I’m very frequently asked what is the best way to run IP Storage (Software iSCSI, Software FCoE, NFS, vSAN, etc…) in a vSphere environment. More specifically, I’m asked how one should go about designing it. This blog post is a suggestion on what non-Network administrator (read vSphere Administrator) can ask/request of the Network Administrator (underlay) to maximize the performance of the IP Storage solution.
Some warning to the non-Network Administrator: you will need to know some networking stuff.
In the diagram below you can see some vmk ports (the usual suspects) and one big dvPortgroup to represent all the VM workloads in the host.
Illumination: You could put all of your vmk ports (except VXLAN) in the same dvPortgroup, but you would potentially create an operational nightmare.
Now add up the MAXIMUM (peak) egress bandwidth (that will leave the host) of each dvPortgroup. This is a job for the non-Network Administrator. If she doesn’t have this information, she needs to get it. We can’t effectively move forward without it.
And before I forget, the image is correct. DO NOT USE multiple vDS in one ESXi host for different traffic types and NEVER use the standard switch (unless you have no vDS license or for Software iSCSI because VMware made you to).
Now that you added up all the bandwidth, add a single VMNIC (NIC) to the host that is BIG enough to support the bandwidth and connect to the Top of Rack (ToR) as shown in the diagram.
If you have budgetary restrictions, then go with two VMNICs, as shown in the diagram below. But NEVER go beyond 2 VMNICS.
Right now we have a network solution that will meet the network requirements for your IP Storage (and everything else in that host). But we don’t have redundancy. As a matter of fact, we have multiple single points of failure (assuming a single NIC). So to provide us with redundancy, multiply your network components by 2, as shown in the diagram below.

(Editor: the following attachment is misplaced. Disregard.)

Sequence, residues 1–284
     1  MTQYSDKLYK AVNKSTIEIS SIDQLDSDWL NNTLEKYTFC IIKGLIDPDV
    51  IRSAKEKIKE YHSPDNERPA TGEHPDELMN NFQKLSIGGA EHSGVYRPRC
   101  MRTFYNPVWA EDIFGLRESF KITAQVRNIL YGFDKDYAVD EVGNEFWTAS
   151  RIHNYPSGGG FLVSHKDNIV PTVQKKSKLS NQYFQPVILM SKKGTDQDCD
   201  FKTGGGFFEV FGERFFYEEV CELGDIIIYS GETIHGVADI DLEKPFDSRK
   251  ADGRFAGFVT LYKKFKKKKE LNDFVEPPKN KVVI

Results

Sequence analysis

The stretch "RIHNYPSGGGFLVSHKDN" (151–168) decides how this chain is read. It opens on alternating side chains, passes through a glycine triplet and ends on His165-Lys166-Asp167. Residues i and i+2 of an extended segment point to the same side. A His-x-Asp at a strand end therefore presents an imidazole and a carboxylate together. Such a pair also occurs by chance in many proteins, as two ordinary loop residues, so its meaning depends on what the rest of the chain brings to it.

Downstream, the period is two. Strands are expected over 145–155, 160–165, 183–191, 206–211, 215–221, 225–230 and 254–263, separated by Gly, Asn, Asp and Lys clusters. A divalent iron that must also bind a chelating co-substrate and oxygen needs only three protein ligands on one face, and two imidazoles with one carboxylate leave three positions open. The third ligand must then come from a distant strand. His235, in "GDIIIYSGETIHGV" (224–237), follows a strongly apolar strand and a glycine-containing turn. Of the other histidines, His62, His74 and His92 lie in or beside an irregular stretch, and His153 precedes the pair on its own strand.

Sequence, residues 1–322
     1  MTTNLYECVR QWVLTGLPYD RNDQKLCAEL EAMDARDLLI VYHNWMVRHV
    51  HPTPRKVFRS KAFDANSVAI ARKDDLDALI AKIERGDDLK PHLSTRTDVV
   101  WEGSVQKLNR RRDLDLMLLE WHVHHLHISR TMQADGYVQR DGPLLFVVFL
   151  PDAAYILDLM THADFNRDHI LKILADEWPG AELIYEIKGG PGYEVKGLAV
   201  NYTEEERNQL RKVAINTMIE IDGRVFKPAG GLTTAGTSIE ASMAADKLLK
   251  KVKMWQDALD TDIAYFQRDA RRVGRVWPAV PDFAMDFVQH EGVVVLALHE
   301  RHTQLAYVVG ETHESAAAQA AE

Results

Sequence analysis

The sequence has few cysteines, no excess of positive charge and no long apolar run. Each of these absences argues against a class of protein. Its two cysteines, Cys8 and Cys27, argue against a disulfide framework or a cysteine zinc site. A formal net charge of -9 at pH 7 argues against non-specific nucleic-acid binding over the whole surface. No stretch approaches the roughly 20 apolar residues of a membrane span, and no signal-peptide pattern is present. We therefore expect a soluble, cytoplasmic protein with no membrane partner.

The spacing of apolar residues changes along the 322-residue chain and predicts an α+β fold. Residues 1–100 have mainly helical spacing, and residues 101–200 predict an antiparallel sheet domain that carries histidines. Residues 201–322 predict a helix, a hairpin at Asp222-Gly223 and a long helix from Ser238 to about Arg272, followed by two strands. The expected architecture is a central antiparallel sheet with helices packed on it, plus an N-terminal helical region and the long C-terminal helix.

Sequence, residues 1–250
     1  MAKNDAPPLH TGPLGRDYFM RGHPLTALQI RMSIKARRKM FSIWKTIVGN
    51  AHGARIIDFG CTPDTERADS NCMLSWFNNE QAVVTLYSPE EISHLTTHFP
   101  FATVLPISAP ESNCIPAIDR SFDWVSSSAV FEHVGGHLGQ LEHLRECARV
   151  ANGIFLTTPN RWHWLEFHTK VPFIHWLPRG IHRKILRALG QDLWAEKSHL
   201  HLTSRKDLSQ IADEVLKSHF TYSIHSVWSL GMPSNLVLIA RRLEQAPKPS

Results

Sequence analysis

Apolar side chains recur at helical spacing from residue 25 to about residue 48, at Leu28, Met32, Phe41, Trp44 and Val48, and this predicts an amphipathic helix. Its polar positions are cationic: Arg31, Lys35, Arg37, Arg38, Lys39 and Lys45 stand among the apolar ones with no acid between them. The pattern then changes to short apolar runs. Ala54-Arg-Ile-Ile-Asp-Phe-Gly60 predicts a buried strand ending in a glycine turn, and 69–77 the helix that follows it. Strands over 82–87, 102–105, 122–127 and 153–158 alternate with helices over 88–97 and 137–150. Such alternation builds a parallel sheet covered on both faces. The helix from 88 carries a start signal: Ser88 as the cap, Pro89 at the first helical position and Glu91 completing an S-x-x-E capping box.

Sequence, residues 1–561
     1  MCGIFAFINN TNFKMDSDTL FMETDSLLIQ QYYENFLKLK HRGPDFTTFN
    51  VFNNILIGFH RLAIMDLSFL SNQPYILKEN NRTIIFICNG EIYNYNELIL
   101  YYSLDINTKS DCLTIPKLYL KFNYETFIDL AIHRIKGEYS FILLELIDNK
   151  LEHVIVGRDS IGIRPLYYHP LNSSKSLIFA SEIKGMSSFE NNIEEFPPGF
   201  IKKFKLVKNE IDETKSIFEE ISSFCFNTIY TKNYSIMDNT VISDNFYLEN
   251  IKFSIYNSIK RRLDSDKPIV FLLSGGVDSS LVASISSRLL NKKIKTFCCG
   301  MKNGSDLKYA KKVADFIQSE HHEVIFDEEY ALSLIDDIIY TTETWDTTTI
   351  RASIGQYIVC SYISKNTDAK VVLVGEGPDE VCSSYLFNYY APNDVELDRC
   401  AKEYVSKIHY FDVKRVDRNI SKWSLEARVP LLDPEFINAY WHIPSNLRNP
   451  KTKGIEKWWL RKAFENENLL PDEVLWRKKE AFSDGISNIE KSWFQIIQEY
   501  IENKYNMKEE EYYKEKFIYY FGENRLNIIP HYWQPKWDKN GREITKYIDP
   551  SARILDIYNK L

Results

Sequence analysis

Please notice that we now have two ToRs in each example.
We are almost done. The vDS is a Layer 2 entity and as such it won’t efficiently load share egress traffic on all interfaces. The solution to this is to configure link aggregation, and I strongly recommend that you go with LACP using IP Hash, as shown in the next diagram.
Network Administrators reading this (you were not supposed to read this by the way) would notice that this configuration won’t work unless you configure MLAG in the two ToR. And you are correct, thus the following diagram shows the final configuration.
And now that I described a methodology to understand what is needed to support IP Storage, here is a list of requirements/requests you can provide your Network Administrator to support IP Storage:
- After you determine the VMNIC you need, ask the Network Administrator (requirement) for the number of ToR interfaces and speed for the ESXi host NICs.
- Ask the Network Administrator (requirement) for switch (ToR) resiliency/redundancy.
- Ask the Network Administrator (requirement) for LACP. Let her know you will use IP Hash.
Note: This tells the Network Administrator that she needs to configure MLAG. It is her discretion on what LACP hash to use.
- Ask the Network Administrator (requirement) for 9000 MTU
Note: There is NO reason why you wouldn’t configure Jumbo Frame to the highest possible MTU
- Provide the Network Administrator the traffic types (per dvPortgroup) and ask (request) for a VLAN number for each, the IPs, subnet masks, and default gateway.
That’s it (drop the mic). If you follow these recommendations you would have an ESXi host network design that will meet your IP Storage needs (and all the host’s needs actually).
Illumination: If you have iSCSI then you may choose to go with MPIO instead of LACP, which would require you have two discreet VMNICs dedicated for iSCSI. I vented a bit about this in my old blog.
Illumination: I know I left out the QoS conversation. That’s because QoS would come into play IF the ToR has either HIGH ingress bandwidth utilization on the Access ports and/or HIGH level of oversubscription on the uplinks without enough egress buffer capacity. I suppose I may write a blog post about this some day.